Kiang Malingue is pleased to present at Art Basel Hong Kong more than 30 artworks by Eric Baudart, Cho Yong-Ik, Chou Yu-Cheng, Brook Hsu, Kwan Sheung Chi, Phillip Lai, Liu Xiaohui, Fabien Mérelle, Nabuqi, Ellen Pau, Homer Shew, Tao Hui, Tromarama, Su-Mei Tse, Samson Young, and Zheng Zhou. From paintings of friendly faces, ghostly bodies and abstract formations, musical score-like marks on paper, to historical videos, and bronze and stone sculptures that resemble archeological findings, the presentation showcases iconic pieces and surveys exciting artistic developments.
Highlights from this year’s presentation include a recent group of ‘Moody’ series paintings by Chou Yu-Cheng, further elaborating the unique painting method Chou conceived at the peak of the pandemic in 2020. The remarkably fine gradient patterns on paper mounted on canvas are all results of meticulous handling, as Chou Yu-Cheng balances torrents of contrasting acrylic paint, and ensures that on super-flat Italian Fabriano paper the mineral-based particles are strictly ordered and arranged. After the precise colouring process, Chou then plays with various compositions before collaging and mounting the shaped papers on canvas. The Bibliotheque #1 (2022) marking the beginning of yet another exciting series takes it one step further: introducing rectangularity and a pantone card-like structure, it takes as its compositional starting point the quotidian quest of charting a nice-looking bookcase, presenting to the audience a pseudo-private scene that is unprecedentedly ordered, and chaotic.
Known for revealing existential conundrums by depicting human figures in hauntingly still or frantically hectic moments, Liu Xiaohui in his recent painting Untitled (Woman and cat in front of a black abstract painting) (2021) includes an uncommon appearance of an animal. The woman is typically anti-narcissistic, failing at meeting the viewer’s gaze but is instead being slowly absorbed by the mise en abyme black painting; the black cat on the other hand is ominously glaring at the viewer, heightening the unnatural scale and depth of the largely monochrome composition.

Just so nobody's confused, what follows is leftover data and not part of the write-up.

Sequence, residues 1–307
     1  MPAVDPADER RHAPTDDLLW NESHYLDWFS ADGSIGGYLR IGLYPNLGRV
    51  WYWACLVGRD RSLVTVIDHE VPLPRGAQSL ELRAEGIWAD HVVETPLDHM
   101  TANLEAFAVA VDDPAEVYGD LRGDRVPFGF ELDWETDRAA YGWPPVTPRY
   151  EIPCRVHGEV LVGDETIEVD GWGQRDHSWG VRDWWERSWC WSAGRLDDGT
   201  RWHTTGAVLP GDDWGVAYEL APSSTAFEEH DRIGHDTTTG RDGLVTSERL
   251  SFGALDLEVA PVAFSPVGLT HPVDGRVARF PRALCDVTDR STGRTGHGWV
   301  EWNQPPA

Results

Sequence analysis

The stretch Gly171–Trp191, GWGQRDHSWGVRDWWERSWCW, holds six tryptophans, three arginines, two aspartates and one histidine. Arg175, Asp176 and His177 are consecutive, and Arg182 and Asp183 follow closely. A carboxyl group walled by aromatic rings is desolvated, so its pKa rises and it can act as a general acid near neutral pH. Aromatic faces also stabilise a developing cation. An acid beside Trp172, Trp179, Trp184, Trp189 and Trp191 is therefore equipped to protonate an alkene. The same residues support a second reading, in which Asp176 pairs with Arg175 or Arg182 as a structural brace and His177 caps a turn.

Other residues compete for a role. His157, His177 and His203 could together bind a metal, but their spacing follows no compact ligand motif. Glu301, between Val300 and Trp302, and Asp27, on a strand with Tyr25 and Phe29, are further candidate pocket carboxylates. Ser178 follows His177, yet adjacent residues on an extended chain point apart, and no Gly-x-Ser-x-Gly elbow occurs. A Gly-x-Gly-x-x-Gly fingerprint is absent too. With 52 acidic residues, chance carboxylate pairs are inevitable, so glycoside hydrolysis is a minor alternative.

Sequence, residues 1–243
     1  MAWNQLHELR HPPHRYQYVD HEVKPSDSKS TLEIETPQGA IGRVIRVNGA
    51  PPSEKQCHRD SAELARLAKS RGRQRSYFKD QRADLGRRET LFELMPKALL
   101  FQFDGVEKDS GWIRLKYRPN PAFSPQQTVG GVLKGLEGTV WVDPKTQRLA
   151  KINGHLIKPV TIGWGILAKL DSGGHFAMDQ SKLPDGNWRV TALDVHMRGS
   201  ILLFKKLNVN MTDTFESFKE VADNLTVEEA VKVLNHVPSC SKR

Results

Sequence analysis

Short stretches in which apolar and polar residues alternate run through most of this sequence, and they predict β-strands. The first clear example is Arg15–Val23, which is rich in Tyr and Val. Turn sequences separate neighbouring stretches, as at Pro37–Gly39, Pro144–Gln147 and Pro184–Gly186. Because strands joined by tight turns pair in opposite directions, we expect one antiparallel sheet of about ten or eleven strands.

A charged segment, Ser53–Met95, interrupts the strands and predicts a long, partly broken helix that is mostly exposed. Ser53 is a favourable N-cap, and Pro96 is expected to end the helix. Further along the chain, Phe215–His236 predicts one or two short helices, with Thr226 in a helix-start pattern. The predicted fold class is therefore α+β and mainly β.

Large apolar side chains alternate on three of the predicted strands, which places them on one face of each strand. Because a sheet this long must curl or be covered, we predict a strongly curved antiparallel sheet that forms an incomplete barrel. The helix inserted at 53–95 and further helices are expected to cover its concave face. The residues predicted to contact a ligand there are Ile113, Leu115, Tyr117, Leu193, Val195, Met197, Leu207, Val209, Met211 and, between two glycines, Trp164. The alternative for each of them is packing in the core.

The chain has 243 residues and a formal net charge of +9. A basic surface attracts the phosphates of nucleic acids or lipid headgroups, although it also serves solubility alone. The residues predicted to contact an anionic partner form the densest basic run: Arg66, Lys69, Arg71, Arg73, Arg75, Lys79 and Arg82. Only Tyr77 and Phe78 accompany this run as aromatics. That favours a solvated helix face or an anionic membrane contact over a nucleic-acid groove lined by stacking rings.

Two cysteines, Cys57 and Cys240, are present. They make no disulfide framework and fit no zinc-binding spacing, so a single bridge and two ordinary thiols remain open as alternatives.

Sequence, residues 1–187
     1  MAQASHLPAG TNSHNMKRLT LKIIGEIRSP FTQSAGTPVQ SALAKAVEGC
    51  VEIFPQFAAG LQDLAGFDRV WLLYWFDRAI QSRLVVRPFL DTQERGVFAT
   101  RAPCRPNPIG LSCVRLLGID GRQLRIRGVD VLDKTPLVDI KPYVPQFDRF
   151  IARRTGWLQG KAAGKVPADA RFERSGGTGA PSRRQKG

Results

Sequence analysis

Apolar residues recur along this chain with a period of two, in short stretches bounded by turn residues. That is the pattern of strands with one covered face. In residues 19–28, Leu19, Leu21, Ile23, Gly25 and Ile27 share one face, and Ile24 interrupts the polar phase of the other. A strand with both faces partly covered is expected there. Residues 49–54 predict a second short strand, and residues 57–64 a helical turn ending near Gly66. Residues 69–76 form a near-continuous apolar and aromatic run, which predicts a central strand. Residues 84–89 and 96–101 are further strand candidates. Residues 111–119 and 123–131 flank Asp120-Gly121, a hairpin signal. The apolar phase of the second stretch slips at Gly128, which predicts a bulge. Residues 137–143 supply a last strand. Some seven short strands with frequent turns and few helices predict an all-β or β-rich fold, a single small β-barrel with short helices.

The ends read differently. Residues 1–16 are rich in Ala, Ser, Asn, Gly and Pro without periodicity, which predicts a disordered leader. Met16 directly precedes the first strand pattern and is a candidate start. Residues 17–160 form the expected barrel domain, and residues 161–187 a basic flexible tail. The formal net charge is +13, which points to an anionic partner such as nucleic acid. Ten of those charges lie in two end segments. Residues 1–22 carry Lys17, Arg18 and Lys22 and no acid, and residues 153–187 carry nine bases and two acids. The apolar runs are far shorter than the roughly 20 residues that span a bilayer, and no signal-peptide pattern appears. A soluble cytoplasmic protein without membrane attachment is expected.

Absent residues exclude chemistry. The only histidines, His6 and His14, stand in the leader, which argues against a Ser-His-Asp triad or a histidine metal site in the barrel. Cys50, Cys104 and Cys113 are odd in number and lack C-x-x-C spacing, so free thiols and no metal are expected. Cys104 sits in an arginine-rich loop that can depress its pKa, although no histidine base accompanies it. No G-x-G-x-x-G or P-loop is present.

Included in the presentation is also Ellen Pau’s early work Drained Ⅱ (1989), a video that comments on the materialization of the electronic image. Repeated in it is a segment of a stage performance, generating a spatio-temporal whirlwind. Human figures are drawn into, hidden behind and going through a matrix of artificial spaces, appearing merely as fungible animated units. A closed cycle of production and discourse, the electronic medium itself becomes the source of creation. As the video expands and unfolds upon itself, a woman constantly falls onto the ground and finally disappears in between frames. Recently announced is also Pau’s The Shape of Light, a site-specific moving image work made specially for the M+ Facade, co-commissioned by M+ and Art Basel. The first major collaborative commission for the M+ Facade since M+’s opening in November 2021, the work is shown on the M+ Facade from Friday, 20 May 2022 until Sunday, 19 June 2022 at 7 to 9pm daily. The abyssal structure of the early Drained II and the appearance of The Heart Sutra through sign language in The Shape of Light speak of the artist’s long-term devotion to exploring spiritual and bodily dimensions in her lustrous career.